Impro.AI has raised a $2.25 million CAD seed round, with plans to use the fresh funds for more research and development for its platform, AI, and methodology, as well as for expansion globally.
Impro offers a platform that provides executives, leaders, and employees with an AI-augmented coaching and consulting solution. The startup uses what it calls coaching algorithms and a client-centered platform to make high-performance human coaching more affordable and effective.
“Impro’s ability to enable these executives is what impresses us the most.”
The startup claims over 20 corporate clients across North America and Europe, who pay them on a per employee per month basis. Those employees use Impro’s micro-coaching service delivered by an Impro coach.
Impro claims its five-minute per day micro-coaching app helps leaders and employees adopt new work habits, while executives can optimize their company’s overall performance by making use of organization-wide insights that the Impro platform provides.
“We have been very impressed by the level of professional and personal growth that managers and employees experience through the Impro platform,” said Patrick Lor, a managing partner with Panache Ventures. “They see rapid improvements via just a few minutes of daily interaction with Impro, and companies benefit from increased overall team engagement and performance.”
The fully subscribed round closed at the end of May. Panache Ventures, Good New Ventures, and Epstein Enterprises Inc.(EEI) led the round. A number of angels participated, including Sheldon Elman, chairman at Esplanade Ventures; Stuart M. Elman, managing partner at Persistence Capital Partners; Irfhan Rawji, managing partner at Relay Ventures; Rich Osborn, managing partner at RecapHealth Ventures; Blayke Hale, managing partner at BC Growth Equity; and Rasool Rayani, venture partner at Inovia Capital.
Other angels included Jason Smith, CEO at the software company Klue; Ryan Benn, CEO at Alive Publishing Group, which puts out the health and wellness publication, Alive; and François-Pierre Chevalier, past co-president at Bio-K+ International, a probiotic manufacturer.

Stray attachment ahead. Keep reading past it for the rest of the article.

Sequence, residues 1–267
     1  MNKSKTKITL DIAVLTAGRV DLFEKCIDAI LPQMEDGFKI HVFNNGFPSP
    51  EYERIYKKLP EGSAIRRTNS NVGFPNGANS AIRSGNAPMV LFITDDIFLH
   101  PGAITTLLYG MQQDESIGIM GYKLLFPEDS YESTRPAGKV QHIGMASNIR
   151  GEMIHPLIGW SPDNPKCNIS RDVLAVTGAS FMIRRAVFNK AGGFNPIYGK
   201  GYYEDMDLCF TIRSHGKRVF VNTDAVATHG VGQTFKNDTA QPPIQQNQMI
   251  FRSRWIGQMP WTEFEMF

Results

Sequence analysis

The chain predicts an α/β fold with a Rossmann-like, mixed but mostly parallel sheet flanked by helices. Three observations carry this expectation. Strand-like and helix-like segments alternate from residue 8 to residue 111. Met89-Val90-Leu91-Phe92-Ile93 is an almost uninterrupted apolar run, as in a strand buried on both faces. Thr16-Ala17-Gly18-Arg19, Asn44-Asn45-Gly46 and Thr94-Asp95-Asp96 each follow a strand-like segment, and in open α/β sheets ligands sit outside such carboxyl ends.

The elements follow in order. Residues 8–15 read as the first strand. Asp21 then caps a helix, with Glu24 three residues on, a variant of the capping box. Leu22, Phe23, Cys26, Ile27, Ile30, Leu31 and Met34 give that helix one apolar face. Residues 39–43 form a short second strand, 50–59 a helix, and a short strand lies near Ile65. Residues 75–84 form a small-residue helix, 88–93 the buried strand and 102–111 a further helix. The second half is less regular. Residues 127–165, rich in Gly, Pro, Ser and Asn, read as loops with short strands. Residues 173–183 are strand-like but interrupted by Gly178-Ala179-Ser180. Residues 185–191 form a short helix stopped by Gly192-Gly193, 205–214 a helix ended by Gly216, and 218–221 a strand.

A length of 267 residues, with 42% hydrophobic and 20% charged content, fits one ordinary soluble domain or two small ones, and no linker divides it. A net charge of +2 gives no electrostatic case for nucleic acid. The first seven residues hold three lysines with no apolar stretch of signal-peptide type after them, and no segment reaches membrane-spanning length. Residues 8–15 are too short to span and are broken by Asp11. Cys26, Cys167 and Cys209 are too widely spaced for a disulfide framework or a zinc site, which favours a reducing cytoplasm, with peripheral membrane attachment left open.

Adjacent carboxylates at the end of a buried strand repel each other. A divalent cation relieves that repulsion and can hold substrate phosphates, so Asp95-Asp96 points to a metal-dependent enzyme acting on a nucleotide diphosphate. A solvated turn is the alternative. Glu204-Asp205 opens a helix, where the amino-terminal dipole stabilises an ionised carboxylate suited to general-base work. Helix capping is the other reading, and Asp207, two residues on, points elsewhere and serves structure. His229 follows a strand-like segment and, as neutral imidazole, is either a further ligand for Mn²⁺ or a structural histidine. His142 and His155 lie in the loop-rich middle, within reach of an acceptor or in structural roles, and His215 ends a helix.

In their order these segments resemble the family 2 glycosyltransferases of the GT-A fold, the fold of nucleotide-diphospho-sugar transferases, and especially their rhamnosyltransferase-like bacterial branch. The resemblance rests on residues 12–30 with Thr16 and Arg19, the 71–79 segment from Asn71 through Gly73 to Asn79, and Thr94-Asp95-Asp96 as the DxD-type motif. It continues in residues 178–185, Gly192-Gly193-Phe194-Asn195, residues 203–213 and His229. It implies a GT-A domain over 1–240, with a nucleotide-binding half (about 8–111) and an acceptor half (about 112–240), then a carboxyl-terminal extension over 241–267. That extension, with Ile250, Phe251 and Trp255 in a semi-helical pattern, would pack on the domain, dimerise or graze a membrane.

While Impro is clearly pleased to have raised the funds, it became one of the first startups to allude to the fact that marshalling the money wasn’t easy.
“The successful and full closing of our seed round, in a challenging fundraising environment, is a testament to the commercial traction that our Impro team has achieved to date as well as our compelling vision for the future,” said Josh Blair, Impro’s co-founder and CEO.
With rising inflation, and the potential of a recession looming, startups have begun laying off staff.
Blair characterized the current fundraising environment as “brutally difficult,” he told BetaKit. He said two things allowed them to carry out a successful raise. One was the startup’s commercial traction with Impro claiming that they are on the way to earn over $500,000 CAD for 2022. The other was what Blair called the exceptional feedback Impro’s VC investors received from the startup’s customers.
“In good times or in bad, the executives who action data-driven insights will win,” said the president of EEI, Oded Levi. “Impro’s ability to enable these executives is what impresses us the most.”
Blair left what he refers to as “big company world” at the end of 2019. Before forming Impro with his co-founders, Blair worked as the chief learning officer at Telus, and then subsequently as its chief human resources officer, and group president.
Blair met his co-founders, Opher Brayer and Maya Liberman in 2020. They had previously founded a not-for-profit startup, Stages Global, that used games, visualization and pattern recognition techniques to help children become gifted students.
Impro launched in 2021 with its micro-coaching, and then added consulting. Blair said the idea for the mentoring platform came from several of Impro’s clients who were keen to become in-company “Impro mentors.” That service will launch later this year.
Headquartered in Vancouver, the startup has 18 employees. Blair provided Impro’s pre-seed round, which covered the startup’s first one-and-a-half of operations, but he declined to disclose the amount.
Outside of Impro, Blair currently holds positions as the vice and human rights council chair of Telus International, the NGC Chair of Neighbourly Pharmacies (TSX: NBLY) and is a partner at Esplanade Ventures.
Impro is not alone in the digital mentoring space. Together, a software company that pairs mentors and mentees, raised $6.2 million CAD in January.
Blair credits Brayer and Liberman with the initial idea for Impro. After carrying out extensive research before launching the startup, Brayer and Liberman moved from Israel to Toronto to pursue the startup with Blair.
“Together, the three of us are proud to be building a Canadian company that already has a global client base,” Blair said.